Roll Over And Play Live!

Ronnie Montrose

RoMoCo Records, 1998

http://www.ronniemontrose.com

REVIEW BY: Jason Warburg

ORIGINALLY PUBLISHED: 02/08/1999

Joe Satriani is about athleticism. Steve Vai is about inventiveness. Eddie Van Halen is about the intersection of flash and melody. Jimmy Page is about sheer thundering power.

Ronnie Montrose -- as this first live album of his long and distinguished career reminds you -- is about passion.

Satriani and Vai and their acolytes use and manipulate the guitar, sometimes astoundingly so. But -- to my ears, anyway -- their work can come off as somewhat clinical. They are masterful technicians, but at times they don't seem to have a great feel for the music they're so efficiently performing.

What Ronnie Montrose does with a guitar is, seemingly, to become one with it, to make it the ultimate instrument of self-expression of a person who is, by all accounts, a very intense individual. There is an almost limitless energy that flows through his playing, from the eerie sonic squiggles he teases the audience with in the opening seconds of Roll Over and Play Live!, to the bruising power chords he uses to finish off the closing "Wish In One Hand."

In between there's a feast for any fan of the electric guitar: rippling hooks, thundering jams, blistering solos (do not miss "Sidewinder"), and a handful of magnificently understated moments lurking in the middle.my_heart_sings_the_harmony_web_ad_alt_250

Here is where Montrose truly proves his mettle as a guitarist. His peers on the instrument -- and he does have them, he's not Superman -- often seem somehow frightened of the quiet spaces between aggressive runs on the fretboard.

Montrose, by contrast, relishes them, planting some of his most evocative, nimble playing there in the quiet corners of songs like the rousing opener "Feet First," whose galloping central riff slams into you like a 20-foot wave. Yet when the melody falls back mid-song and Montrose is left to explore quietly through the break, every note is tight and sweet and heartfelt.

As to the particulars, this album is taken from one of his small club shows -- and it was a single show, no overdubs, the real, raw thing, baby -- in support of 1994's Music From Here CD. Many of that album's best tunes ("Primary Function," "Largemouth" and "Indigo Spheres") are represented here, and the band is the same power trio as on that disc: Montrose, bassist Craig McFarland (who drills out a dynamic, surprisingly entertaining bass solo on the latter song) and drummer/spouse Michele Montrose, who provides a solid backbeat and creative fills throughout.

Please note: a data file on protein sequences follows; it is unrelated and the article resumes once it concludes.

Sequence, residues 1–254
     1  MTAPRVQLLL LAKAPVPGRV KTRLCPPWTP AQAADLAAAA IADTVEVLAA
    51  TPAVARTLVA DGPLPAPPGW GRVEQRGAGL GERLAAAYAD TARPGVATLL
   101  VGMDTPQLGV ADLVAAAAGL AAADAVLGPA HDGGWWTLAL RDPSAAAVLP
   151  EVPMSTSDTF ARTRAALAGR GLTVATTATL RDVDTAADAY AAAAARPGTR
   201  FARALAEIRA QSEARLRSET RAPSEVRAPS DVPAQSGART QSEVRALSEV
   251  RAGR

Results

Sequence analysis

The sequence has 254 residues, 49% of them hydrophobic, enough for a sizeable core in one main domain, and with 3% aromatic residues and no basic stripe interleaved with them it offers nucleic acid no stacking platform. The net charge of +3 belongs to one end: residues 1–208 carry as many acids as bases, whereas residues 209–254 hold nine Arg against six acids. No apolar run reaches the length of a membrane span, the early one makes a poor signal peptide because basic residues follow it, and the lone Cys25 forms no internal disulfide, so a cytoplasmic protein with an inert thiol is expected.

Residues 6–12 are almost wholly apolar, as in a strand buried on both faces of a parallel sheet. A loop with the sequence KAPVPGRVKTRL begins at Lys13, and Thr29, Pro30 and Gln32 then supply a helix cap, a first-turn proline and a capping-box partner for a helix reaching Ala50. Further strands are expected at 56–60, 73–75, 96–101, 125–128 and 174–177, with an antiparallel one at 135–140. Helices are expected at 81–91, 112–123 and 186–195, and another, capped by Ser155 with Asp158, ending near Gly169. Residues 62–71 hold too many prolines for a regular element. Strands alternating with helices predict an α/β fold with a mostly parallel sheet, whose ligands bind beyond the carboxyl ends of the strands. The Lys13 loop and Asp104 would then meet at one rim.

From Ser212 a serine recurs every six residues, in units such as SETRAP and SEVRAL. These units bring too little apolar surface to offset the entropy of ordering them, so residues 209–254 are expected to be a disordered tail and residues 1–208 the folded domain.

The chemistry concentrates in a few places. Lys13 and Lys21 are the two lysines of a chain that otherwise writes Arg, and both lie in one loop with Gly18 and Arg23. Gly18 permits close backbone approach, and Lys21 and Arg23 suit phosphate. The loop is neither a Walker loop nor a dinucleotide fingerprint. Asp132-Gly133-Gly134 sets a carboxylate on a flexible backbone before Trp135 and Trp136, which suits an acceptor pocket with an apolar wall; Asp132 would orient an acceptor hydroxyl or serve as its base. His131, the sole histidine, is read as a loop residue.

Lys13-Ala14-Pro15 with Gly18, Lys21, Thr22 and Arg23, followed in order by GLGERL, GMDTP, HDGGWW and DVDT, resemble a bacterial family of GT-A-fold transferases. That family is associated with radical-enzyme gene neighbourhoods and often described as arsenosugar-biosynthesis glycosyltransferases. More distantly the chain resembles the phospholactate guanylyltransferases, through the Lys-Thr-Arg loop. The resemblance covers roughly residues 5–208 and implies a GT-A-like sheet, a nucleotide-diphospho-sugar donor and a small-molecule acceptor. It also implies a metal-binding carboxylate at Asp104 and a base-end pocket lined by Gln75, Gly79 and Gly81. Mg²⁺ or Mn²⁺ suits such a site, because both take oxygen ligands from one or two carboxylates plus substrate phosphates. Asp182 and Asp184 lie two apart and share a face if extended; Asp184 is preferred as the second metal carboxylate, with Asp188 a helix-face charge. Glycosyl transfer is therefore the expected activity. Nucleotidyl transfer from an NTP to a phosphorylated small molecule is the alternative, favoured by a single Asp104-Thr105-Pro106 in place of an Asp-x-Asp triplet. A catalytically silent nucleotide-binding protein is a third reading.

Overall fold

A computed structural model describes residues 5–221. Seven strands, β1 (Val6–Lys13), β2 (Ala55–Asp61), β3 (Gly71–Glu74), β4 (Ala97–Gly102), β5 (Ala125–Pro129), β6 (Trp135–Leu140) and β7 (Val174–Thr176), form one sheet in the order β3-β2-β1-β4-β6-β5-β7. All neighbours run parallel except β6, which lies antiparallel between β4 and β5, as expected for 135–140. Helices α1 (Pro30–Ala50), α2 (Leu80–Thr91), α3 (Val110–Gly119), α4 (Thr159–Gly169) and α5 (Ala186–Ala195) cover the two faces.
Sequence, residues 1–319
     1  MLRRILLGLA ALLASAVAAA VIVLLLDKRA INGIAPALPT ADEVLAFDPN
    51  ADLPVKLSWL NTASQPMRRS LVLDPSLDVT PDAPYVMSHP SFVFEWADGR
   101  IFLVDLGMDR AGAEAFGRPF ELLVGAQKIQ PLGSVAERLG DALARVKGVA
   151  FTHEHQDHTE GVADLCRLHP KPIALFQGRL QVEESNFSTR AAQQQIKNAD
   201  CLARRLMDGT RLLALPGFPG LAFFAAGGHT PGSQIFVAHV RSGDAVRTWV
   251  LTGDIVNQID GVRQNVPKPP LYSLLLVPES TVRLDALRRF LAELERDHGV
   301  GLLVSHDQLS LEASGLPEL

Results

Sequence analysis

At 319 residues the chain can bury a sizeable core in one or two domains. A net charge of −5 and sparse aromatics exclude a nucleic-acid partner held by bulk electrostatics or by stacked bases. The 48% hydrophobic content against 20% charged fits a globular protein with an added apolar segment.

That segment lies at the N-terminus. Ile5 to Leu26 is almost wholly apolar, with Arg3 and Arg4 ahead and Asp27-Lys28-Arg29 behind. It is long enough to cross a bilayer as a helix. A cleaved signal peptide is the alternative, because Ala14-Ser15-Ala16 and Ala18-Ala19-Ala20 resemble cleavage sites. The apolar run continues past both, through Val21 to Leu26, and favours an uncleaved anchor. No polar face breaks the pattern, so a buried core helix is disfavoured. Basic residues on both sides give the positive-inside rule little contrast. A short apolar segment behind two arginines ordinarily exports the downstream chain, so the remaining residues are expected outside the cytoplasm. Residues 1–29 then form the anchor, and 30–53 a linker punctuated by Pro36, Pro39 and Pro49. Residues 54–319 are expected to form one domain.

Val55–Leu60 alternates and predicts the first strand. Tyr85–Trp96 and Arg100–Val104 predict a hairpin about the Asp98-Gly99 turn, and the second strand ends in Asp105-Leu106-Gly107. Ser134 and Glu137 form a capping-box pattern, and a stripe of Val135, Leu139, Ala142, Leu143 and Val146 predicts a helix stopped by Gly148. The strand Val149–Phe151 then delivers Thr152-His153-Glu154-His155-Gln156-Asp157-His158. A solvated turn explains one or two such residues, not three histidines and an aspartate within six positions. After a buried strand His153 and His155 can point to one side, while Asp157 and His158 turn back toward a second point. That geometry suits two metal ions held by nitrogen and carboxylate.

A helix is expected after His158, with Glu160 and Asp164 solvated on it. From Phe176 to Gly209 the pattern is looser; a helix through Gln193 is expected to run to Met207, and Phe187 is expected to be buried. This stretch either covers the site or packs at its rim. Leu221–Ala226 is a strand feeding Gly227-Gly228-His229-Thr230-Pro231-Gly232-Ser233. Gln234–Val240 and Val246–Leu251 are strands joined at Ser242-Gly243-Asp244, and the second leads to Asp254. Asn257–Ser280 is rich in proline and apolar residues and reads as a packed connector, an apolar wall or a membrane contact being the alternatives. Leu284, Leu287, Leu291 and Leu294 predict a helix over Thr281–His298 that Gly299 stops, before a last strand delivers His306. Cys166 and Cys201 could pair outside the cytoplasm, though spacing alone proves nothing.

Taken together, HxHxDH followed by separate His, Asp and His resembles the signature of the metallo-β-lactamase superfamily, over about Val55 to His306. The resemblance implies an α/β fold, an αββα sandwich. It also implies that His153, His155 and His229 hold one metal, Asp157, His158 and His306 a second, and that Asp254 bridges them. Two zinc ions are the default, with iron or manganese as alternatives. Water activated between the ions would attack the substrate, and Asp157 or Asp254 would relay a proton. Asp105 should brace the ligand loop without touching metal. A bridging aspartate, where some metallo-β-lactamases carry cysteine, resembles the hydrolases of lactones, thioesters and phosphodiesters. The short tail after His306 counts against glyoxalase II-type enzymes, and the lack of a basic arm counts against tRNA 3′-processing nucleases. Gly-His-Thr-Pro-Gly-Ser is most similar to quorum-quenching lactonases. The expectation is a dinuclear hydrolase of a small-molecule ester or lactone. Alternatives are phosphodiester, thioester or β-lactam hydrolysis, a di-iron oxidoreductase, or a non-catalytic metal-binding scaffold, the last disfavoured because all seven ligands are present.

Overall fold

Several of the tunes are new -- fresh jams worked up in rehearsal and sometimes embellished on stage. Thus, the music is loose in places, wandering off on tangents that can be either fascinating or patience-testing, depending on your level of interest in listening to an incredibly gifted performer experiment with tone and melody before your ears.

Even at his loosest, though, Montrose has a good instinct for keeping things entertaining, throwing an immediately identifiable ascending riff from the 1973 Montrose classic "Rock Candy" into "Green Thing," before bouncing a pair of sizzling solos off it and hijacking the whole song off in an entirely different direction.

Overall, Roll Over and Play Live! serves as an electrifying reminder of why Montrose has been making instrumental guitar albums for 20 years now, almost exclusively so for the last 15. No vocalist/lyricist he's ever worked with has been able to match the passion he channels through his own instrument. Rather than fight through a series of artistic compromises in a quest for another shot at large-scale commercial success, Montrose has fully embraced the music that's in his heart. Next up: his first all-acoustic album. Long may he run.

Rating: A-

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© 1999 Jason Warburg and The Daily Vault. All rights reserved. Review or any portion may not be reproduced without written permission. Cover art is the intellectual property of RoMoCo Records, and is used for informational purposes only.